World energy outlook 2017

Global shifts in the energy system


Four large-scale shifts in the global energy system set the scene for the World Energy Outlook 2017 (WEO-2017) namely:

  • The rapid deployment and falling costs of clean energy technologies; in 2016, growth in solar PV capacity was larger than for any other form of generation; since 2010, costs of new solar PV have come down by 70%, wind by 25% and battery costs by 40%.
  • The growing electrification of energy; in 2016, spending by the world’s consumers on electricity approached parity with their spending on oil products.
  • The shift to a more services-oriented economy and a cleaner energy mix in China, the world’s largest energy consumer, subject of a detailed focus in this Outlook.
  • The resilience of shale gas and tight oil in the United States, cementing its position as the biggest oil and gas producer in the world even at lower prices

These shifts come at a time when traditional distinctions between energy producers and consumers are being blurred and a new group of major developing countries, led by India, moves towards centre stage. How these developments play out and interact was the story of the 2017 Outlook.

Growing energy demand

In the New Policies Scenario, global energy needs rise more slowly than in the past but still expand by 30% between today and 2040. This is the equivalent of adding another China and India to today’s global demand. A global economy growing at an average rate of 3.4% per year, a population that expands from 7.4 billion today to more than 9 billion in 2040, and a process of urbanisation that adds a city the size of Shanghai to the world’s urban population every four months are key forces that underpin our projections.

The largest contribution to demand growth—almost 30%—comes from India, whose share of global energy use rises to 11% by 2040 (still well below its 18% share in the anticipated global population). Southeast Asia is another rising heavyweight in global energy, with demand growing at twice the pace of China. Overall, developing countries in Asia account for two-thirds of global energy growth, with the rest coming mainly from the Middle East, Africa and Latin America.

Renewables step up, coal strikes out

Compared with the past twenty-five years, the way that the world meets its growing energy needs changes dramatically in the New Policies Scenario, with the lead now taken by natural gas, by the rapid rise of renewables and by energy efficiency.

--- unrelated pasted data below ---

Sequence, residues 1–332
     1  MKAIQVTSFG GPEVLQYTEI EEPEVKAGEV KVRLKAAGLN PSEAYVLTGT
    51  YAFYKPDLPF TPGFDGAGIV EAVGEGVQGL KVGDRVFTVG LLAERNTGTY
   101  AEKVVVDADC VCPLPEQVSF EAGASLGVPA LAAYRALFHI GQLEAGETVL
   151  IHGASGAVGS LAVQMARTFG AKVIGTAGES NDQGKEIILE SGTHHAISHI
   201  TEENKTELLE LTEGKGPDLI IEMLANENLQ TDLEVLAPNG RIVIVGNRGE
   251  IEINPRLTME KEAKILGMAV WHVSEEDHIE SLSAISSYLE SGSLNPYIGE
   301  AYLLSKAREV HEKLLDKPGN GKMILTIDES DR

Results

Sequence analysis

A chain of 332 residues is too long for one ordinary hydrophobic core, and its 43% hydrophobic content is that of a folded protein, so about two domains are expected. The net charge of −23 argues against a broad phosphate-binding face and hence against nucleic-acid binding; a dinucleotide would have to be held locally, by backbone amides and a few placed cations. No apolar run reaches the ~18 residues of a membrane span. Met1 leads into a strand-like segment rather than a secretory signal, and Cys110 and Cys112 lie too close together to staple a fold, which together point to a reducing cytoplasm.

Improvements in efficiency play a huge role in taking the strain off the supply side: without them, the projected rise in final energy use would more than double.

Renewable sources of energy meet 40% of the increase in primary demand and their explosive growth in the power sector marks the end of the boom years for coal.

Since 2000, coal-fired power generation capacity has grown by nearly 900 gigawatts (GW), but net additions from today to 2040 are only 400 GW and many of these are plants already under construction. In India, the share of coal in the power mix drops from three-quarters in 2016 to less than half in 2040. In the absence of large-scale carbon capture and storage, global coal consumption flatlines.

Oil demand continues to grow to 2040, albeit at a steadily decreasing pace. Natural gas use rises by 45% to 2040; with more limited room to expand in the power sector, industrial demand becomes the largest area for growth. The outlook for nuclear power has dimmed since last year’s Outlook, but China continues to lead a gradual rise in output, overtaking the United States by 2030 to become the largest producer of nuclear-based electricity.

Renewables capture two-thirds of global investment in power plants to 2040 as they become, for many countries, the least-cost source of new generation.

Rapid deployment of solar photovoltaics (PV), led by China and India, helps solar become the largest source of low-carbon capacity by 2040, by which time the share of all renewables in total power generation reaches 40%.

In the European Union, renewables account for 80% of new capacity and wind power becomes the leading source of electricity soon after 2030, due to strong growth both onshore and offshore. Policies continue to support renewable electricity worldwide, increasingly through competitive auctions rather than feed-in tariffs, and the transformation of the power sector is amplified by millions of households, communities and businesses investing directly in distributed solar PV.

Growth in renewables is not confined to the power sector. The direct use of renewables to provide heat and mobility worldwide also doubles, albeit from a low base. In Brazil, the share of direct and indirect renewable use in final energy consumption rises from 39% today to 45% in 2040, compared with a global progression from 9% to 16% over the same period.

When China changes, everything changes

China is entering a new phase in its development. The president’s call for an “energy revolution”, the “fight against pollution” and the transition towards a more services-based economic model is moving the energy sector in a new direction—with the emphasis in energy policy now firmly on electricity, natural gas and cleaner, high-efficiency and digital technologies.

Demand growth slowed markedly from an average of 8% per year from 2000 to 2012 to less than 2% per year since 2012, and in the New Policies Scenario it slows further to an average of 1% per year to 2040. Energy efficiency regulation explains a large part of this slowdown.